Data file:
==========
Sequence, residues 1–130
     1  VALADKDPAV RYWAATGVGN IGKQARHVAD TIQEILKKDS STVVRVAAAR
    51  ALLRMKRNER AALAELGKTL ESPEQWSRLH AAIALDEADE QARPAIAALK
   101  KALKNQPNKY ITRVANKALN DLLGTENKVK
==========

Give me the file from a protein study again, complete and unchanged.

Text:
Sequence, residues 1–130
     1  VALADKDPAV RYWAATGVGN IGKQARHVAD TIQEILKKDS STVVRVAAAR
    51  ALLRMKRNER AALAELGKTL ESPEQWSRLH AAIALDEADE QARPAIAALK
   101  KALKNQPNKY ITRVANKALN DLLGTENKVK